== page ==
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On our fantastic Patagonia eco-camp hiking holiday we combine the best trekking with comfort as you explore Patagonia’s hiking highlights.
Walk the best trails in Argentina’s Fitzroy National Park then follow it up with the Paine W or circuit trek in Chile.
More on Patagonia trekking eco-tours.
The holiday starts with a full-day trip to Perito Moreno Glacier.
Next, Fitzroy, where our extended hiking adventure sees you able to add on canoeing or biking before heading in the national park.
Here, we combine eco-camps with some wild camping, giving you the complete experience as you hike towards the Paso del Viento (Windy Pass). From here views over the ice-cap are unsurpassable.
Paine National Park
Next, cross the border into Chile to the Torres del Paine National Park, and effort is amply rewarded by the spectacular scenery.
Condors, rheas and guanacos can be seen in the area. A wonder of natural sculpture, the two thousand metre high Cuernos (Horns) and Torres (Towers) must be seen to be believed.
Nights are spent in superior domes in eco-camps, or refugios, if you choose Paine’s classic 7-day Paine W.
Or for those who want more trekking, you can also add the 9-day Paine Circuit, with a combination of eco-camp, refugios and some nights’ camping.
Eco-tour in Patagonia.
Trek both of Patagonia's most famous routes - the Fitz M and Paine W (or circuit).
Cosy eco-camps to relax in after a stunning day of walking.
Chance to see amazing wildlife in natural habitat.
All logistics taken care of, you just turn up and enjoy the treks.
We had a fantastic trip.
All the land arrangements fell nicely into place. The walking in Torres del Paine was a great experience. The weather was kind: only one day of persistent showers (and we were retracing steps that day), otherwise unseasonally warm, sometimes brilliant skies but generally slightly cloudy typical of a Patagonian summer. We heard the roaring winds at night, safe in our very comfortable eco-tent.
The eco-camp is a great concept. The food was plentiful, the staff very accommodating.
We can’t fault the overall organization, so thank you to you and the Andean Trails team for putting our holiday together for us. We had a great time.
J. Lavery, Eco-tour Patagonia
Join the tour in El Calafate.
A small town of some four thousand inhabitants, El Calafate was for several decades a tiny staging post for the wagons transporting wool between remote estancias (sheep stations) and the coast. It lies near the shore of the vast, turquoise lake Argentino and is today a gateway to the natural wonders of the Los Glaciares national park.
This day is dedicated to observing close-up the spectacular Perito Moreno Glacier.
Vast in scale – over four miles wide and 60m high at its face – this almost surreal spectacle is set amid a labyrinthine system of iceberg-filled waterways, and backed by deciduous beech forests and snow peaks.
Spectacular even by the standards of the Los Glaciares National Park, this glacier also represents an anomaly: The Perito Moreno, unlike the other glaciers of the region, is still growing. Periodically (every so many years) its advancing edge reaches the near shore, cutting off and damming up the Brazo Sur ice-berg channel.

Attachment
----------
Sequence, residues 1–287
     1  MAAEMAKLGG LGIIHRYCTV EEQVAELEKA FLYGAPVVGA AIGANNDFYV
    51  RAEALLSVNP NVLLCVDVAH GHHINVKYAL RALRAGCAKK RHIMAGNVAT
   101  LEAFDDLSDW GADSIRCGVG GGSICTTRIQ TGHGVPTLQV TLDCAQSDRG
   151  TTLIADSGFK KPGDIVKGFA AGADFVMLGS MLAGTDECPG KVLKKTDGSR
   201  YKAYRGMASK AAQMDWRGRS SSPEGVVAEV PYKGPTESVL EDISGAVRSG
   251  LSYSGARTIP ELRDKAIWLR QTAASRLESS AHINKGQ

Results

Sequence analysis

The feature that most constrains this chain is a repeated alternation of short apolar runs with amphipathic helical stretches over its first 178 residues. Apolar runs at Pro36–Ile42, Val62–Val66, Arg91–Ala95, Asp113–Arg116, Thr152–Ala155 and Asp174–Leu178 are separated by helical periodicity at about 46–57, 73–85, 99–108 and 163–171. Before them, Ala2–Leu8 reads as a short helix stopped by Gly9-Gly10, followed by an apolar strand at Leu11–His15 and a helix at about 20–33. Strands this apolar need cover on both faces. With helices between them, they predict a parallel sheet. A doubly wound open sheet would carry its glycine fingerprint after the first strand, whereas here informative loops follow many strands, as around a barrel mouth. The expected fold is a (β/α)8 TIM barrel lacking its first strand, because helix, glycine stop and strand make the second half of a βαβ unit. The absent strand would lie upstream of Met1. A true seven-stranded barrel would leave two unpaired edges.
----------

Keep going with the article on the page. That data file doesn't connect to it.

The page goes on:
When this occurs, the steadily-building water pressure forces a breach in the ice and eventually a huge volume of water bursts forth and surges through to Lake Argentino. A feature of the glacier is the frequent, ear-splitting calving of icebergs.
In the morning, transfer to the bus station and then we travel by bus north then west across Patagonia’s ‘flat, endless’ plains, and finally through rolling pre-Andean heath.
Our destination is El Chalten, a small settlement on the floodplain of the Rio de Las Vueltas. It is set amid the magnificent surroundings of the Fitzroy Range on the edge of Los Glaciares National Park. The park comprises some 2,300 square miles of forested mountains, sheer granitic spires and immense glaciers and lakes. It is one of the great glacial regions of the world.
Transfer to our adventure camp. There will be a trip briefing before dinner to explain what awaits us in the days ahead.
Today there is plenty to to choose from or time at leisure to relax by the fire, study the plants or wildlife.
1) Mountain Bike: with guide, within the property of Refugio Laguna Condor or bike to Lago del Desierto and back.
2) Kayak in Laguna Condor: with guide, sit on top Kayaks
3) Loma del Diablo trek: 6 to 8 hour trek near the refuge with incredible views.
Biking: If you would like to bike then we can organise some Mountain Biking, either guided or independent biking. The road from El Chalten northwards has very little traffic and there is a superb ride to the beautifully set Lago del Desierto.
Hiking: This is a hiker’s paradise, there are numerous options. We would recommend a magnificent hike up the Loma del Diablo, on to the ridge or on upwards all the way to the summit (1,800m/5,906ft).
We recommend a guide if you want a full day and to climb to the summit – as weather conditions may make it tricky.